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Parliament to debate Proportional Representation after public demand

September 14, 2017 8:20 AM
By Bryan Lewis

On October 30th Parliament will hold a debate in response to a petition which attracted 103,495 signatures before it was closed and called on Parliament to adopt Proportional Representation for UK General Elections.

The vast majority wants PR. Our First Past The Post (FPTP) voting system makes Parliament unrepresentative. One party got 37% of the vote and 51% of seats, while 3 parties got 24% of the vote but share 1.5% of seats. FPTP violates the democratic principle of majority rule and causes problems like costly policy reversals.

The UK has never had a say on PR. In 2011 the Alternative Vote (AV) Referendum was on a system that is often less proportional than FPTP, so the rejection of AV could not possibly be a rejection of PR. In fact, so few voters wanted either system on offer that the turnout was just 42%.

The Government responded saying

"FPTP is a robust method of electing MPs. A referendum on changing the voting system was held in 2011 and the public voted overwhelmingly in favour of keeping the FPTP system.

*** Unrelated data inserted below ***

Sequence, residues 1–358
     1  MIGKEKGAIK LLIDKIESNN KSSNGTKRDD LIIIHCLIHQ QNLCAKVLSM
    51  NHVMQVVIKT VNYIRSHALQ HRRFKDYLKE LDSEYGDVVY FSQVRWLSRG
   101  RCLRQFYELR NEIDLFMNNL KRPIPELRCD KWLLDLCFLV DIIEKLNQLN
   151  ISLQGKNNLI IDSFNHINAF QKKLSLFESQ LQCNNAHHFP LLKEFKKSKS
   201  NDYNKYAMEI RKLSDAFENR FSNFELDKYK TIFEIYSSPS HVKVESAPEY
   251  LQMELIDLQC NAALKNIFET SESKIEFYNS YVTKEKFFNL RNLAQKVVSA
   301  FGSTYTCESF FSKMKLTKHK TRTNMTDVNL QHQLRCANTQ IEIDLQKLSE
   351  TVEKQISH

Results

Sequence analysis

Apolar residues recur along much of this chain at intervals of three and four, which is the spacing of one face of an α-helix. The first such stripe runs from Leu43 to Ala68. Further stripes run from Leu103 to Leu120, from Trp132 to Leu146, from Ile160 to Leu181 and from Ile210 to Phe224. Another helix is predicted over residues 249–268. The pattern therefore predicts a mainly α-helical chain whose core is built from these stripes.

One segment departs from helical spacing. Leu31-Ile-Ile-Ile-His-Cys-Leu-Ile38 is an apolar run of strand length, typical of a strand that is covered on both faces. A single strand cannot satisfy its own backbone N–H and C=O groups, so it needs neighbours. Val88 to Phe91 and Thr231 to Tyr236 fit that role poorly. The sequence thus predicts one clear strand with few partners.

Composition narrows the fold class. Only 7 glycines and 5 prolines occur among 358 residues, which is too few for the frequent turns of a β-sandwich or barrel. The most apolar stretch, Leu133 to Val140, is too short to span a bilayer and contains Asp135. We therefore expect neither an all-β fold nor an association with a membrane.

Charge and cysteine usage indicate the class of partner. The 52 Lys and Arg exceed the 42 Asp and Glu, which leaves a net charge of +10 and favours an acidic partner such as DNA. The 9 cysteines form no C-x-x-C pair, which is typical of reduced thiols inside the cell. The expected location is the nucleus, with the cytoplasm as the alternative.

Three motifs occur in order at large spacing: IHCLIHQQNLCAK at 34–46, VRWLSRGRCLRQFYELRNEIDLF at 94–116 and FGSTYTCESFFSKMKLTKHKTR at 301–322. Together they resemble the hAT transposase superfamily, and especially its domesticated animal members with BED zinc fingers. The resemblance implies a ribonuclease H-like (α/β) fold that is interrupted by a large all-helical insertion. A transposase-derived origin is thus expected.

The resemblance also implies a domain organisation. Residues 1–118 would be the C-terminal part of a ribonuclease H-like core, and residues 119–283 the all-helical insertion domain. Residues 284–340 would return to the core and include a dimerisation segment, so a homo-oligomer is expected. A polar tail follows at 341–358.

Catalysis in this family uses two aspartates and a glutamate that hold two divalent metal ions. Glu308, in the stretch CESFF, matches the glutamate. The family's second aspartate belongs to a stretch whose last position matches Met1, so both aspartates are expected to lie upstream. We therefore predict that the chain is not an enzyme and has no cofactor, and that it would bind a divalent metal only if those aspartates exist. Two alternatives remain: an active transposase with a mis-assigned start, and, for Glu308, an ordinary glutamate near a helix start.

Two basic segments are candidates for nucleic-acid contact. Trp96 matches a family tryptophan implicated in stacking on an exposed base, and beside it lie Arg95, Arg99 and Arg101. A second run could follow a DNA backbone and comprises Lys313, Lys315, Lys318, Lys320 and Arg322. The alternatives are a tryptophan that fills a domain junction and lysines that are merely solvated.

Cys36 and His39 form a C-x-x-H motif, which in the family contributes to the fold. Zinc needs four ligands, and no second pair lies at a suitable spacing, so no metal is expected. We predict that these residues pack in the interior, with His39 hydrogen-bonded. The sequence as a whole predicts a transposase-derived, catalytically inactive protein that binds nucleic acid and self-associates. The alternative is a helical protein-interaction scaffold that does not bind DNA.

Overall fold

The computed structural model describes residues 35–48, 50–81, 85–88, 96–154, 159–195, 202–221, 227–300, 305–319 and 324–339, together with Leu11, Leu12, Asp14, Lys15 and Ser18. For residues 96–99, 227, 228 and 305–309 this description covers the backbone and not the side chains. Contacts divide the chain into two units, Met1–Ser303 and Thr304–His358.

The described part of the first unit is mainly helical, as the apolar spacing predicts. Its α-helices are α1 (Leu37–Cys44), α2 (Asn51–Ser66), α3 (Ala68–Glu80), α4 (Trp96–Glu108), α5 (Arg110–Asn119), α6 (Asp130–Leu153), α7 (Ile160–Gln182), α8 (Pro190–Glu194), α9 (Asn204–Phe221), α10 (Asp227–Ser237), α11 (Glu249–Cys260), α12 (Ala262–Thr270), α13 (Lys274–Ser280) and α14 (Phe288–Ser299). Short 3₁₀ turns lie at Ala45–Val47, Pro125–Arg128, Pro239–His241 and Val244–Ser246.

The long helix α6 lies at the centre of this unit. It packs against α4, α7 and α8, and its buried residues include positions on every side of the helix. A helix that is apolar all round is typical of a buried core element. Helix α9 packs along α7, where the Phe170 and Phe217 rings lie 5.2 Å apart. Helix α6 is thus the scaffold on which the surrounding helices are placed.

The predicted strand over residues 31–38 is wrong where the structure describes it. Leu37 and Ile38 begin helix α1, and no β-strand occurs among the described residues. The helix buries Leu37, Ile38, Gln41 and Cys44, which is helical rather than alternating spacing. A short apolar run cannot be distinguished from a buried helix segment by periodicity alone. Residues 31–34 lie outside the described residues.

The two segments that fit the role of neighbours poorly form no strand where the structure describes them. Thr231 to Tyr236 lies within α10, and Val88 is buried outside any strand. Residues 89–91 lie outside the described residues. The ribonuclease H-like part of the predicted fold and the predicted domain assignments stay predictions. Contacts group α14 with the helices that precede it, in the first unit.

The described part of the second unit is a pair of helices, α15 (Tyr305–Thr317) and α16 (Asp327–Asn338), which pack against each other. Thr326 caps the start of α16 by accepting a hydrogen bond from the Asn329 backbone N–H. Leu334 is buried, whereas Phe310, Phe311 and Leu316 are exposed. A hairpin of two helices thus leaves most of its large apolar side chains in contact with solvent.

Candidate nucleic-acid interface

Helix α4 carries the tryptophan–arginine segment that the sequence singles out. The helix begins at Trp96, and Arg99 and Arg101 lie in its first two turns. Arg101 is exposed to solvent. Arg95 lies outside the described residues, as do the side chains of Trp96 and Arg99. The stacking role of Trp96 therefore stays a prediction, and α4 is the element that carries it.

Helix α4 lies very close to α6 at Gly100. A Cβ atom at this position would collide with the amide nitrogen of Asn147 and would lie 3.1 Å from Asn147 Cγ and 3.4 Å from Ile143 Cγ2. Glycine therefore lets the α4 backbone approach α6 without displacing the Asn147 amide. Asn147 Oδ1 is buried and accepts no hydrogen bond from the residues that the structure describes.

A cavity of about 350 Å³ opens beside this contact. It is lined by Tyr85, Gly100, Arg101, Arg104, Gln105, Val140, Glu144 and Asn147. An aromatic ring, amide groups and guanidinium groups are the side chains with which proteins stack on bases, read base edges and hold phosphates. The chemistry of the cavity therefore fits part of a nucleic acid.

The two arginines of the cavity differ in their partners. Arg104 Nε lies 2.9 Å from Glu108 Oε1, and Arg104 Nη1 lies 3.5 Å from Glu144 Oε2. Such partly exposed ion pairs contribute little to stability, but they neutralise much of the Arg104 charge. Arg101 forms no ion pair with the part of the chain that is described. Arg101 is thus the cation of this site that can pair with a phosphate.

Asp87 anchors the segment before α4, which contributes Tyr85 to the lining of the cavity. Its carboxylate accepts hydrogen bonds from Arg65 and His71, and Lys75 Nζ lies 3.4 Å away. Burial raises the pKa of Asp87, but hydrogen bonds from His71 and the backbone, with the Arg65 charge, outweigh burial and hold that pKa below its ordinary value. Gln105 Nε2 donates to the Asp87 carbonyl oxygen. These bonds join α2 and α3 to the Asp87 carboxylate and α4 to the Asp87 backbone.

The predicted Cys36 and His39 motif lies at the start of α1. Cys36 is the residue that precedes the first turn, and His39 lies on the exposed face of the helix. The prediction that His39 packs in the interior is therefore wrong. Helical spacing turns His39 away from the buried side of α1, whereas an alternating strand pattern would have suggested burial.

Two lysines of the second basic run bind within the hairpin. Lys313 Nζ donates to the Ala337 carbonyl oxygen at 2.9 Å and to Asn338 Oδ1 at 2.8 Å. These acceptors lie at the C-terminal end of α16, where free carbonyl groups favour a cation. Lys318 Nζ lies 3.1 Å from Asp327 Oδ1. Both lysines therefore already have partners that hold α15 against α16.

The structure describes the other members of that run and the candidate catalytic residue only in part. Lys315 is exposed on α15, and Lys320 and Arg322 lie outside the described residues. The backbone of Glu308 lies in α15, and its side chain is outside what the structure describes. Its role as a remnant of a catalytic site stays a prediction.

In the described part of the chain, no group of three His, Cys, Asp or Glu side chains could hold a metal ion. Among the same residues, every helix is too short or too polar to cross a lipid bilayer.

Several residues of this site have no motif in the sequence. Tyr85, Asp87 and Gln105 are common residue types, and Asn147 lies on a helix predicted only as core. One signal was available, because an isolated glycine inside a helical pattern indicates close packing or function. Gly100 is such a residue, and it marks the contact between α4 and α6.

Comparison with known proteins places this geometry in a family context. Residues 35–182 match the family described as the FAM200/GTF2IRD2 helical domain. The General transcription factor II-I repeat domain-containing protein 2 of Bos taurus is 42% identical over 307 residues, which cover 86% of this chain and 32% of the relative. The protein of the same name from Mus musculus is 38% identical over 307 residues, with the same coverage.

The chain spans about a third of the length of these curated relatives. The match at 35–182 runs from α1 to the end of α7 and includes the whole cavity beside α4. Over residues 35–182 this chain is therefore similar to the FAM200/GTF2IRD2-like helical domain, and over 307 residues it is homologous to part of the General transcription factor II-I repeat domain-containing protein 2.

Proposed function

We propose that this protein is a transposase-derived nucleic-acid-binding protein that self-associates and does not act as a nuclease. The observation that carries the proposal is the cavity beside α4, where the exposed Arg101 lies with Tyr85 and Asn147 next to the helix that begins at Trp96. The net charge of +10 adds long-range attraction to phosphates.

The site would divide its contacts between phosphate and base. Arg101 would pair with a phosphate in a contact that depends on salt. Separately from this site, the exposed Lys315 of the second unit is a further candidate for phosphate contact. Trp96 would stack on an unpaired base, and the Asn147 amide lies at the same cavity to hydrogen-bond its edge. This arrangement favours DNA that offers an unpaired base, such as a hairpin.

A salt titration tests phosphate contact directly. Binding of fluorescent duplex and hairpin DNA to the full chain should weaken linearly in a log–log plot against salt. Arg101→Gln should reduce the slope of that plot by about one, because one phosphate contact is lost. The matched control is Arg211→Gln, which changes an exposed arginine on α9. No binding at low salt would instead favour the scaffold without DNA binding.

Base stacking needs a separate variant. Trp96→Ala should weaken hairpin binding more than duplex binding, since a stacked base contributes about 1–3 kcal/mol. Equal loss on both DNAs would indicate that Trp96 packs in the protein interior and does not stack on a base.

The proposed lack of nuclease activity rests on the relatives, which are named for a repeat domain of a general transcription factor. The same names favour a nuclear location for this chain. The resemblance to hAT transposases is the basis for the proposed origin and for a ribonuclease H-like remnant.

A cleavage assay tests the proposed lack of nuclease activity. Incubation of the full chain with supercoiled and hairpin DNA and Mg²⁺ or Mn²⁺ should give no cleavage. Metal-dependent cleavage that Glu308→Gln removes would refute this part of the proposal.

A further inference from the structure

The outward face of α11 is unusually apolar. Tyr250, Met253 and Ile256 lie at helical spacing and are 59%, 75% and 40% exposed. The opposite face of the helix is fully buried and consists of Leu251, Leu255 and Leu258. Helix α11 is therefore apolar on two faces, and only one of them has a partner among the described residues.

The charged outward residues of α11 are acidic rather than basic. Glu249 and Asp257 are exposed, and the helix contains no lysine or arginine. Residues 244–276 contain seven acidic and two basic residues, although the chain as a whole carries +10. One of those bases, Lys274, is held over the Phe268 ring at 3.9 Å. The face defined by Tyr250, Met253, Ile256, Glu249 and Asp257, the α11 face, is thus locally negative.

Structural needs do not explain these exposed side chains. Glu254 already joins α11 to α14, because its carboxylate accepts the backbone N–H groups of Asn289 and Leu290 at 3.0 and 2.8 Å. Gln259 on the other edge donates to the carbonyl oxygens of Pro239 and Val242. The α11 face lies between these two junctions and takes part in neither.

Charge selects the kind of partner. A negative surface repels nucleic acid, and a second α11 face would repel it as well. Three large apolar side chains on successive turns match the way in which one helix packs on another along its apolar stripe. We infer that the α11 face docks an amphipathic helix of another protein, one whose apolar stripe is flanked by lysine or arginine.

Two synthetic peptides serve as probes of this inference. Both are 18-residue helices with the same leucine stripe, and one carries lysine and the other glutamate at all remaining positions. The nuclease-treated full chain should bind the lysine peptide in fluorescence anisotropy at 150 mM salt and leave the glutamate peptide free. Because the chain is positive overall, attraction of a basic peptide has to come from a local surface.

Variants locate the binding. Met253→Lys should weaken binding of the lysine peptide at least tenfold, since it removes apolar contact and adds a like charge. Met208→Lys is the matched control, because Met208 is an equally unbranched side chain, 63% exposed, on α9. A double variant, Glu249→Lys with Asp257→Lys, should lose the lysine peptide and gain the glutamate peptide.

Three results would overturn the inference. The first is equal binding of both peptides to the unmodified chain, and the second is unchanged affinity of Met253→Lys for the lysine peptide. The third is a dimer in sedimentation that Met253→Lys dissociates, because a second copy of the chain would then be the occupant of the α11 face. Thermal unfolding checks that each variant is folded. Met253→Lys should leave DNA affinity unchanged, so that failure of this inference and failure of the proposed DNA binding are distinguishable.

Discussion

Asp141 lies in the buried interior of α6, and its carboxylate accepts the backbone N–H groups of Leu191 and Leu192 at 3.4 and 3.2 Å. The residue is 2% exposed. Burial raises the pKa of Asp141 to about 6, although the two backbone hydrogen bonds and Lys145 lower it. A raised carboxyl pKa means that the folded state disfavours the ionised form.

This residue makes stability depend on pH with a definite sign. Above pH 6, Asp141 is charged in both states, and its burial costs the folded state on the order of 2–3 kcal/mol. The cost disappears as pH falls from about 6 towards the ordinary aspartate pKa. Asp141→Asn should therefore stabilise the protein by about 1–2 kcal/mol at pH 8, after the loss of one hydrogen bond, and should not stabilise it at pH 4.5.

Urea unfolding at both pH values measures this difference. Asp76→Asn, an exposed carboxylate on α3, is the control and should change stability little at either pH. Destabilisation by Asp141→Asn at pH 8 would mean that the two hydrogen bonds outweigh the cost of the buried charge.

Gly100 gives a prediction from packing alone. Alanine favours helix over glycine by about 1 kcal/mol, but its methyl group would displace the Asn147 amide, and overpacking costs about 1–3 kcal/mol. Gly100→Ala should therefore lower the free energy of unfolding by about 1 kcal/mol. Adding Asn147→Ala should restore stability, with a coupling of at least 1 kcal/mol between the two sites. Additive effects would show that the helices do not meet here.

The Government is concerned that proportional voting systems would weaken the direct constituency link which is a key feature of our Parliamentary system, and under a proportional system the voting process is more complicated for the voter. The system is well established and understood by voters and provides a clear link between constituents and their representatives in Parliament. More often than not, it results in a government with a working majority in Parliament making decisive government possible."

This ignores the fact that FPTP is not Ballot boxused in many elections and the Scottish Parliament and the Welsh and Northern Ireland Assemblies are elected using PR so many British voters are already very familiar with PR. It also fails to recognise that in recent general elections FPTP has not given us governments with working majorities and that is supposedly its strong point.

In addition there are tried and tested PR systems that keep the constituency link. They would make every vote matter equally, rather than allowing a minority of swing voters in a few marginal seats to pick the government.